A suicide attack in a popular shrine in southern Pakistan has killed at least 72 people, police say.
The bomber blew himself up among devotees in the shrine of Sufi saint Lal Shahbaz Qalandar in the town of Sehwan in Sindh province, police said.
Prime Minister Nawaz Sharif has condemned the attack, which has been claimed by so-called Islamic State.
It is the deadliest in a string of recent bombings claimed by IS, the Pakistani Taliban and other militants.
The shrine, one of the country’s oldest and most revered, was crowded as Thursday is considered a sacred day for Muslims to pray there.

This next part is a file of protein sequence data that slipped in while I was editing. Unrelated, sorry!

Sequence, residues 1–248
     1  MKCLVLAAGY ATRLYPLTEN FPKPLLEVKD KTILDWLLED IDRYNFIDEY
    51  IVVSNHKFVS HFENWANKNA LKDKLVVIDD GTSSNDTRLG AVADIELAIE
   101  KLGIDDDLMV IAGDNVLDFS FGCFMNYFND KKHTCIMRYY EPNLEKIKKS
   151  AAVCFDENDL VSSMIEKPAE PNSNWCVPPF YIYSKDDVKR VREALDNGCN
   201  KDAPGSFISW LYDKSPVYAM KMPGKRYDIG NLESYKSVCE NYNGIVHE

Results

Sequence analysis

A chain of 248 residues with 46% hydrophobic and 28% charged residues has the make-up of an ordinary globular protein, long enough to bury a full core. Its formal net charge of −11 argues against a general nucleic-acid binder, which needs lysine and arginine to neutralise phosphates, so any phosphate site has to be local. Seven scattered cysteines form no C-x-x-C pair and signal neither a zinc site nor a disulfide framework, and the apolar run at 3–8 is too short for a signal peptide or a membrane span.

Witnesses said the attacker struck as worshippers were performing a sacred dance. Local media said he blew himself up after throwing a grenade.
“I saw bodies everywhere. I saw bodies of women and children,” one man told local media.
Another described scenes of chaos and devastation, with the shrine’s courtyard “filled with thousands of people who were crying and wailing”.
Images from inside the shrine showed the floor covered with blood, with clothing and sandals strewn around.
The Edhi Welfare Trust, which runs Pakistan’s largest ambulance service, said 43 of the dead were men, nine women and 20 children.
At least 250 others were wounded, a senior police official told the BBC.
The only hospital in the area was said to be overwhelmed.
The critically injured were being sent by ambulance to Jamshoro and Hyderabad, some two hours away.
The military said navy helicopters capable of flying at night would be sent to airlift the critically injured.